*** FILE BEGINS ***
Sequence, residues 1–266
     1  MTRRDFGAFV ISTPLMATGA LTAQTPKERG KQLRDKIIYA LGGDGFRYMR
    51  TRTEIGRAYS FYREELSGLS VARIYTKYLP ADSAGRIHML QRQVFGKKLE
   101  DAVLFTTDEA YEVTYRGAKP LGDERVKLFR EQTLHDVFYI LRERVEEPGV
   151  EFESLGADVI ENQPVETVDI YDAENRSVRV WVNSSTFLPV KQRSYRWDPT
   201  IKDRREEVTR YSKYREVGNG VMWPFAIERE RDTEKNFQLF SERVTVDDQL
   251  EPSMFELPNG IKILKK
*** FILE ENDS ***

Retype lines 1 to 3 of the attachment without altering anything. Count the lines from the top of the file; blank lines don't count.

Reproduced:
Sequence, residues 1–266
     1  MTRRDFGAFV ISTPLMATGA LTAQTPKERG KQLRDKIIYA LGGDGFRYMR
    51  TRTEIGRAYS FYREELSGLS VARIYTKYLP ADSAGRIHML QRQVFGKKLE